“Ang kuwento ng buhay ay hindi tungkol sa pagbagsak. Ito ay kuwento tungkol sa pagbangon.”
Life is about redeeming yourself from your fall. We see how Ramon accepted the change. We see him being introduced into a new faith – which later on became an answer to his questions.
All of these stories of a story maintain a cinematic quality, with credit going to cinematography director Giancarlo Escamillas and Christian Albert.
Cuevas injects his overly dramatic melody, forcibly manipulating to direct the audience’s emotions through ‘Nandiyan’ performed by Cabanlong.
Guerrero is a type of film that feels like it was carefully put together. It simply shows a man’s passion and braveness. There are moments where you’ll want to throw your popcorn at the screen out of frustration, times when you’ll laugh at Guerreros’ funny yet surprisingly heartwarming performance and more than a few instances of profound quotes.
“Ang bawal na salita – ‘yong salitang hindi ko na kaya.”
Do not just say, “I can’t take it anymore.” Guerrero teaches us to seize every opportunity and take challenges with faith. Guerrero is not just a Filipino, a boxer, a son, brother, lover. He is resilient. That is the message he wants us to take from his story.
For business feature and event coverage, send your invitation to email@example.com.
Carlo Cuevas and Genesis Gomez with the Chairman and Executive Editor of VoicePoints
Response article enables VoicePoints readers to respond to the article published by the author by completing the form below. Under ‘Message’ box, please ensure to include the title of the main article you are responding.
About the Author
Paul is a Certified Public Accountant (CPA), a youth and environmental advocate, leader, writer, blogger, filmmaker and an organist. He’s the former Chairperson of the College Editors Guild of the Philippines-Ilocos Chapter. As a writer, he has found focus and interest on reproductive health, deaf rights, youth development. At the age of 14, he has fully embraced the call of leadership by leading student organizations and college publications. He was a recipient of the PGMA Campus Journalism Award. He joined and won national contests and published some articles related to the United Nations Millennium Development Goals in a Spanish paper and website. Some of his articles were also published in leading Philippine news websites and featured in international organizations website.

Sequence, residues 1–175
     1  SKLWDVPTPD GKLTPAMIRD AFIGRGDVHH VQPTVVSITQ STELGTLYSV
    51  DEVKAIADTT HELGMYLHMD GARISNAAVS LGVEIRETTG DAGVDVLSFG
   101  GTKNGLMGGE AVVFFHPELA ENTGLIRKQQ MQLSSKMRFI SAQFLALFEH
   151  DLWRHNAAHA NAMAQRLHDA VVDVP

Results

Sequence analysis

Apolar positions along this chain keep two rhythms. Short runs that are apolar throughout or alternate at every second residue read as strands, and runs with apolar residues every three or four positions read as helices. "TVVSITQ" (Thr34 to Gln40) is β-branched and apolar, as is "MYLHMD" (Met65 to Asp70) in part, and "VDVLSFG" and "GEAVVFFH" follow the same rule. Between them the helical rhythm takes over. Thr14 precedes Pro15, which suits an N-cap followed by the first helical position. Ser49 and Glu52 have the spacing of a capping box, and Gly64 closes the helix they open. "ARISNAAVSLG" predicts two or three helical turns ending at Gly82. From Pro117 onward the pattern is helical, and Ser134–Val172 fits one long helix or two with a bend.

He launched his career as a CPA in KPMG R.G. Manabat & Co. Paul is currently leading the Data and Analytics Network (and its university arm) of KPMG in the Philippines. He is also the Business Lead for Innovation. He provides trainings to KPMG professionals in the Philippines. He also joined Financial Services Academy for Shared Service Centres (SSC) as a presenter. He is part of the Technical Advisory Group of the Firm's Department of Professional Practice, focusing on data and analytics, audit methodology, accounting standards, root cause analysis, system of quality management, and financial statement quality control review. He represents the Firm as a resource and motivational speaker, arbiter, adjudicator and judge in academic conferences, audit conventions, accounting and audit cups, and audit case study competitions. He sits as a member of Root Cause Analysis team of the Firm. Paul is an Audit Methodology Champion and Workforce of the Future Champion of the Firm. He is also the Firm's System of Quality Management Implementation Manager.
Paul is the Review Master and Head Coach of PREMIERE Review School.
Paul is a member of the Iglesia Ni Cristo (Church Of Christ) and a Church officer in their locale congregation.
Author's latest published articles
- Travel2020.02.29THE TRAPPED DRIFTER: ‘Sagad sa Ganda’ – The Unusual Beauty of Sagada
- Careers2019.12.30PASSION AND PURPOSE: A letter to my mid-20 self
- Travel2019.12.29THE SOLO DRIFTER: Southeast Asia (Malaysia-Singapore-Indonesia, plus Indochina) Travel Guide, Budget and Itinerary
- Travel2019.12.28THE SOLO DRIFTER: Losing Myself in Singapore (A Travel Guide)